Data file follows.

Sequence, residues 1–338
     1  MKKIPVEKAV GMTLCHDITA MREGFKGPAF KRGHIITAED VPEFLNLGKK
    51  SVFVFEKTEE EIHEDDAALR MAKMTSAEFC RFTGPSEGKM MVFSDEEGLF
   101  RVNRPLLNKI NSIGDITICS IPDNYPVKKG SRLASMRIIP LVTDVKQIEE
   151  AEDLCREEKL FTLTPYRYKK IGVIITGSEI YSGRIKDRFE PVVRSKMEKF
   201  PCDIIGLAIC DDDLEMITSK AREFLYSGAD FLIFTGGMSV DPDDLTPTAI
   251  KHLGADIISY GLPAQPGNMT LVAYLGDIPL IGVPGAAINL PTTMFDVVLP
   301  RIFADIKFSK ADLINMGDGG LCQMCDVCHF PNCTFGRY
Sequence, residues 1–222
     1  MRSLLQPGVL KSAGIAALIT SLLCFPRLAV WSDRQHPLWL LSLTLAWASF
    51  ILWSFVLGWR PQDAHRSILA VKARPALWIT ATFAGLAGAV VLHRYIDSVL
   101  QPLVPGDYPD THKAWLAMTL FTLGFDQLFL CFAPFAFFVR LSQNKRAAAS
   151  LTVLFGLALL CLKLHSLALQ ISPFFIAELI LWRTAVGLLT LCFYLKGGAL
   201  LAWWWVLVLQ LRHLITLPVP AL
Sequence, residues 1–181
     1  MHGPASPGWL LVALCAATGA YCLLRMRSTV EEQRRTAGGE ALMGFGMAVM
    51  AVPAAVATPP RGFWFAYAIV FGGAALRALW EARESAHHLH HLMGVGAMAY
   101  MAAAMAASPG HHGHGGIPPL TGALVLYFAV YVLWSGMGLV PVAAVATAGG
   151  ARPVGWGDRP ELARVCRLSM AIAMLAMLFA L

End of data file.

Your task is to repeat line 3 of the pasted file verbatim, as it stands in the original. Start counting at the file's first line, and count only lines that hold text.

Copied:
    51  SVFVFEKTEE EIHEDDAALR MAKMTSAEFC RFTGPSEGKM MVFSDEEGLF